Article  PubMed  PubMed Central  Google Scholar 

  49. Chen J, Su YC, Chen GQ, Wang WD. Ethnobotanical studies on wild edible fruits in southern Yunnan: folk names; nutritional value and uses. Econ Bot. 1999;53(1):2–14.

    Article  Google Scholar 

  50. Ghorbani A, Langenberger G, Feng L, Sauerborn J. Ethnobotanical study of medicinal plants utilised by Hani ethnicity in Naban River Watershed National Nature Reserve, Yunnan, China. J Ethnopharmacol. 2011;134(3):651–67.

    Article  PubMed  Google Scholar 

  51. Aadhan K, Anand SP. Survey of wild aromatic plants and utilize Paliyar tribes ethnomedicinal of Sadhuragiri hills, southern western Ghats, Tamil Nadu, India. Int J Bon Stud. 2017;2(6):18–24.

    Google Scholar 

  52. Ju Y, Zhuo JX, Liu B, Long CL. Eating from the wild: diversity of wild edible plants used by Tibetans in Shangri-la region, Yunnan, China. J Ethnobiol Ethnomed. 2013;9(1):28.

    Article  PubMed  PubMed Central  Google Scholar 

  53. Jing W, Seyler BC, Ticktin T, Zeng YG, Ayu K. An ethnobotanical survey of wild edible plants used by the Yi people of Liangshan Prefecture, Sichuan Province, China. J Ethnobiol Ethnomed. 2020;16(1).

  54. Song F, Zeng K, Liao L, Yu Q, Tu P, Wang X. Schizandrin a inhibits microglia-mediated neuroninflammation through inhibiting TRAF6-NF-kappaB and Jak2-Stat3 signaling pathways. PLoS One. 2016;11(2):e0149991.

    Article  CAS  PubMed  PubMed Central  Google Scholar 

  55. Kwon DY, Kim DS, Yang HJ, Park S. The lignan-rich fractions of Fructus Schisandrae improve insulin sensitivity via the PPAR-gamma pathways in in vitro and in vivo studies. J Ethnopharmacol. 2011;135(2):455–62.

    Article  CAS  PubMed  Google Scholar 

  56. Yun YR, Kim JH, Kim JH, Jung MH. Protective effects of gomisin N against hepatic steatosis through AMPK activation. Biochem Biophys Res Commun. 2017;482(4):1095–101.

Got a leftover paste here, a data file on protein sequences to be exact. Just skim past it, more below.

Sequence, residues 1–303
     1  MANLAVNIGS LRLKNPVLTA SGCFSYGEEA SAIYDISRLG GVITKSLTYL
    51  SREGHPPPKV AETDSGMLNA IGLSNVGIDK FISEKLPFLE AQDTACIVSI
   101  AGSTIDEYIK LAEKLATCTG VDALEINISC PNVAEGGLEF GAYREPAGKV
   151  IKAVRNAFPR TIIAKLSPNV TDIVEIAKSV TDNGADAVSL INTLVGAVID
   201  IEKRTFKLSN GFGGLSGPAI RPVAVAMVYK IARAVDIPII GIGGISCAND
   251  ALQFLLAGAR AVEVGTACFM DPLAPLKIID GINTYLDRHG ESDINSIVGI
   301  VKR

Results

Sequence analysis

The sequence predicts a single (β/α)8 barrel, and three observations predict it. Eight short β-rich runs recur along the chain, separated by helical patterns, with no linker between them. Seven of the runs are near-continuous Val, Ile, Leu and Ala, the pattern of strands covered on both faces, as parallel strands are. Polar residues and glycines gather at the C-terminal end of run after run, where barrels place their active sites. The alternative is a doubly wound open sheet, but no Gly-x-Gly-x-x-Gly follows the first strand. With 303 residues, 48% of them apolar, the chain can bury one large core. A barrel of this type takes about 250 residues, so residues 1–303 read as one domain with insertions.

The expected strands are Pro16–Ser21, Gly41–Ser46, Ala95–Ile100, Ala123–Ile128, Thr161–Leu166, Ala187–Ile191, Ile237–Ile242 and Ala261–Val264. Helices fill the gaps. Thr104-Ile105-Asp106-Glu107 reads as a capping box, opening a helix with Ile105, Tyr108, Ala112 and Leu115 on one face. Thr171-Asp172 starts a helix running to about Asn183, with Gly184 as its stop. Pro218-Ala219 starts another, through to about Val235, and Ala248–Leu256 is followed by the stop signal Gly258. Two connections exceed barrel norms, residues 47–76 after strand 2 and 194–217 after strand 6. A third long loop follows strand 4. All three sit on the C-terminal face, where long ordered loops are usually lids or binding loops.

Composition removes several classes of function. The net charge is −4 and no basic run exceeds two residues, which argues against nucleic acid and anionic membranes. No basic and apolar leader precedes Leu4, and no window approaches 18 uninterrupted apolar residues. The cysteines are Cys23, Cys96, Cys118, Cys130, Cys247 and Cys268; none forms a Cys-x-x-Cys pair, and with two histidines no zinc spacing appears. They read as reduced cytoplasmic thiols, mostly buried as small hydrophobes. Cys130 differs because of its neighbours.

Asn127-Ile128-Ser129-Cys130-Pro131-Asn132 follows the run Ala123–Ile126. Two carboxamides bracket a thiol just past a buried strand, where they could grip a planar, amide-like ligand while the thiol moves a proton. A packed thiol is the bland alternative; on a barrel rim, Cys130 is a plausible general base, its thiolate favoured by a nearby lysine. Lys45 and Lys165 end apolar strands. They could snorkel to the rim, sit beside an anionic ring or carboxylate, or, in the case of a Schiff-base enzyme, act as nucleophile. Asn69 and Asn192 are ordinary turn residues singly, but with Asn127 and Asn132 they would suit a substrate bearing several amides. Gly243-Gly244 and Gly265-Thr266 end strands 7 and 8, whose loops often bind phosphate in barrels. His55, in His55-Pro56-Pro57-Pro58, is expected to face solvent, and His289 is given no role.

Article  CAS  PubMed  Google Scholar 

  57. Tardío J, Santayana MPD, Morales R. Ethnobotanical review of wild edible plants in Spain. Bot J Linn Soc. 2006;152(1):27–71.

    Article  Google Scholar 

  58. Liu RL, Wang J, Liao WM. Comparative analysis of major nutrition ingredients of fruits of 10 species belonging to Fagaceae. Acta Agric Univ Jiangxiensis. 2009;31(5):901–5.

  59. Süleyman A, Mehmet T, Mustafa K, Muhsin K. Ethnobotanical survey of plants used in Afyonkarahisar-Turkey. J Ethnobiol Ethnomed. 2015;11(1):84.

    Article  Google Scholar 

  60. Li FF, Zhuo JX, Liu B, Jarvis D, Long CL. Ethnobotanical study on wild plants used by Lhoba people in Milin County, Tibet. J Ethnobiol Ethnomed. 2015;11(1):23.

    Article  PubMed  PubMed Central  Google Scholar 

  61. Sacherer J. The high altitude ethnobotany of the Rolwaling Sherpas. Contrib Nepalese Stud. 1979;VI(2):45–64.

  62. Fan XX, Zhang SC, Lin LS, Zhao LX, Liu AZ, Wei CX. Properties of new starches from tubers of Arisaema elephas, yunnanense and erubescens. Food Hydrocoll. 2016;61:183–90.